Wind turbine inspection by drones

Unmanned aerial vehicles (UAVs), commonly known as drones, are aircraft without human pilots on board. They may be operated either through remote control or autonomously by onboard computerised systems. Given the steady increase in its usage in different industrial applications, drone technology is being rapidly commercialised. One of its emerging applications is wind turbine and blade inspection. Traditionally, these inspections are done by people who climb to a height of about 100 metres to reach the hub of the wind energy generator. In manual inspections, the rope access method is used. The inspectors take pictures of turbine rotors and blades with a small digital camera to be analysed later for faults. However, this method is slow (one or two turbines are covered per day) and unsafe. With the use of drone technology, the inspection process can be made faster and safer.

The drone technology solution developed by Martek Marine uses optimised hardware and data collection processes. According to Jamie Allan, UAV strategist, Martek Marine Solutions, the technology can conduct a minimum of 10 turbine inspections per day and operate even in extreme weather conditions. The solution comprises a cloud-based asset management portal, which allows operators or inspectors to view the images and defect analysis conducted by the blade tech team on an intuitive map-based system from any location and use the data as required. Consistency and repeatability of these inspection systems enable the collection of accurate historical inspection data and monitoring of blade degradation. This, in turn, enhances their predictive maintenance capabilities, which can lead to reduced downtime and greater revenues.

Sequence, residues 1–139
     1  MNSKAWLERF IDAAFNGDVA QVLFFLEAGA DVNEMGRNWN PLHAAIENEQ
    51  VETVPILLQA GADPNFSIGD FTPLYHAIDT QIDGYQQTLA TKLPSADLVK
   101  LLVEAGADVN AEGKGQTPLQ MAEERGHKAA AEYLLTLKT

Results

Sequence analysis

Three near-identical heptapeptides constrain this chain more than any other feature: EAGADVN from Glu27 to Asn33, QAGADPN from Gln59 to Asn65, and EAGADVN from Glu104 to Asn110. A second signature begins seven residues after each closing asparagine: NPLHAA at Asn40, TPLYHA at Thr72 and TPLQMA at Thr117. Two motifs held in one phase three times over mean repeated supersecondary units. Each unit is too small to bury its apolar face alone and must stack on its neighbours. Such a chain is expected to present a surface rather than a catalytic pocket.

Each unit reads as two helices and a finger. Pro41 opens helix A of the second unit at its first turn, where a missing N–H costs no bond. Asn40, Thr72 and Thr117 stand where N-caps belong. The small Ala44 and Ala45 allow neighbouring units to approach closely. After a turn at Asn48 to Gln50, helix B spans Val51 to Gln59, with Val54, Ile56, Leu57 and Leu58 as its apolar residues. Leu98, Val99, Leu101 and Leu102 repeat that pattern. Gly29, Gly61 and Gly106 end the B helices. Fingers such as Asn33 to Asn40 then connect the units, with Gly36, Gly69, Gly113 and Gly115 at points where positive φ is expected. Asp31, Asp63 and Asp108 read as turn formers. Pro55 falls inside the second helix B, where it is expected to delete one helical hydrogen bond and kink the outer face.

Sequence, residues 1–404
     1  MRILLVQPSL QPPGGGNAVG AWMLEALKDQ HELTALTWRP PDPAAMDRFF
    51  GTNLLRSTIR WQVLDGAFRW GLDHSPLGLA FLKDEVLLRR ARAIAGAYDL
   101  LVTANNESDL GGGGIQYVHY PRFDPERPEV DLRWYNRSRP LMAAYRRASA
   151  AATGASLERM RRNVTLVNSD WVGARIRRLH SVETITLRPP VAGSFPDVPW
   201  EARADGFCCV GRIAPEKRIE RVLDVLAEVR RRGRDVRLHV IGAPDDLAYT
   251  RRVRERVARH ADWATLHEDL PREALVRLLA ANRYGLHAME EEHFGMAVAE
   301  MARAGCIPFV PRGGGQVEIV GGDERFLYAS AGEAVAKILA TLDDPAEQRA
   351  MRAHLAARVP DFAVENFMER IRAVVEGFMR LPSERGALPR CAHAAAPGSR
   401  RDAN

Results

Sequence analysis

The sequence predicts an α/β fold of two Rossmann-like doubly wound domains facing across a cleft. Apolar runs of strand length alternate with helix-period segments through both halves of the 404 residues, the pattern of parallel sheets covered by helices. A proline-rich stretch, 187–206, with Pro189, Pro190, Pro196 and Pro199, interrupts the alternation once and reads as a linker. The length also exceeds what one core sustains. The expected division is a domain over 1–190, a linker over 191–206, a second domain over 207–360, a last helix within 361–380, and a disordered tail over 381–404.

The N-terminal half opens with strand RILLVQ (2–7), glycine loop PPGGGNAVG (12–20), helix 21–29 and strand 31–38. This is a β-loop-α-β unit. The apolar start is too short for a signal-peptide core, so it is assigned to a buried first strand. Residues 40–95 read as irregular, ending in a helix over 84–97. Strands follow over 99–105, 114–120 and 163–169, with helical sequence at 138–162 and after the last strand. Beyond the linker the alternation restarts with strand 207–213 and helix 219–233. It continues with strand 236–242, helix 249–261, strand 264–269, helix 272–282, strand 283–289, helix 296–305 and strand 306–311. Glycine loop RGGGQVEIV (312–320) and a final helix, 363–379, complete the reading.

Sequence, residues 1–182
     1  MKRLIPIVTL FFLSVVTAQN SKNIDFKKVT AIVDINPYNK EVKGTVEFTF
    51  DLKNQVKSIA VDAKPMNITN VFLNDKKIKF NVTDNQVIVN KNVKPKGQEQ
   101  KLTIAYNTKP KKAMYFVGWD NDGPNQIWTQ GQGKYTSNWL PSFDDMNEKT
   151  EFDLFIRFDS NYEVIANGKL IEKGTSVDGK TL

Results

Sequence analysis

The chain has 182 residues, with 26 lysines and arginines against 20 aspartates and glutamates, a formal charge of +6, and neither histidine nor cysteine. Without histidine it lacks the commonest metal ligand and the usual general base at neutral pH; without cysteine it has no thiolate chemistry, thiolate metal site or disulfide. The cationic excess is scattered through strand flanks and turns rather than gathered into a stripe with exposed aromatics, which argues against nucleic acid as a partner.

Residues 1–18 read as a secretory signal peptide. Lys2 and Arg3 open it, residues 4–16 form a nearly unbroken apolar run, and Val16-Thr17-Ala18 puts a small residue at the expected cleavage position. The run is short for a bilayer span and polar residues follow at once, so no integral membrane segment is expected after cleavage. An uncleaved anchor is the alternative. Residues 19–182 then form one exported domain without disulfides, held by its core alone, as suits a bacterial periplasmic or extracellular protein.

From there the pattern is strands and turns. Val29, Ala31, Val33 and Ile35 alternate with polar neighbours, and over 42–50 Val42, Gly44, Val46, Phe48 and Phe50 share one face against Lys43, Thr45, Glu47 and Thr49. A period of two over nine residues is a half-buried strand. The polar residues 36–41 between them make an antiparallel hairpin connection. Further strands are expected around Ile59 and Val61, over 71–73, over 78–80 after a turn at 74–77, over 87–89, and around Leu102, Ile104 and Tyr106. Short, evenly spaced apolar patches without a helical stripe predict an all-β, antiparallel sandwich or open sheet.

Although drone technology is being increasingly used for the inspection of wind turbines and blades across the world, it has not yet entered the Indian market. Since UAVs will have to fly to heights of 80-100 metres to inspect blades and rotors, they would have to comply with the rules and regulations of the Directorate General of Civil Aviation (DGCA). The DGCA had banned UAVs in 2014, and then released draft regulations for UAV operations in April 2016. The final regulations have not yet been released and thus, UAVs continue to be banned in India.

The draft regulations impose several restrictions on the operation of UAVs for wind turbine inspections. For instance, the height restriction of operating drones only with a 500 metre visual line of sight during the entire period of the flight makes these drones unviable for large onshore and offshore wind farms. Further, operating drones under VFR (visual flight rules) restricts their application, particularly in areas where inspections may be needed at night time or during rain and storms. The use of IFR (instrument flight rules) modified for UAVs is not permitted under the DGCA draft regulations.

UAVs are currently being adopted for wind turbine inspections in countries where the civil aviation authority allows the use of drones for commercial operations. For this purpose, the UAV operator has to provide documentation, which includes the operations manual, and risk assessment and method statement. Further, the absence of common international or regional standards is a key challenge in the creation of a global market for UAV solutions providers. Nevertheless, the future looks promising. According to Allan, the finalisation of standards at the global and local levels is expected to happen soon, owing to the increasing use of drone technology across multiple industries. As most of the global wind energy original equipment manufacturers and operators are using or strategising drone technology for their business needs, the use of UAVs for inspection purposes is set to grow in the near future.

In India, the final regulations on UAVs, as and when they are released by the DGCA, would pave the way for commercialisation of drone-based solutions for wind energy turbine rotor and blade inspection. Given the growth of wind energy installations in India and the commitment to install 60 GW of wind energy capacity by 2022, drone-based turbine inspection solutions are expected to witness significant uptake provided the final DGCA regulations are favourable.



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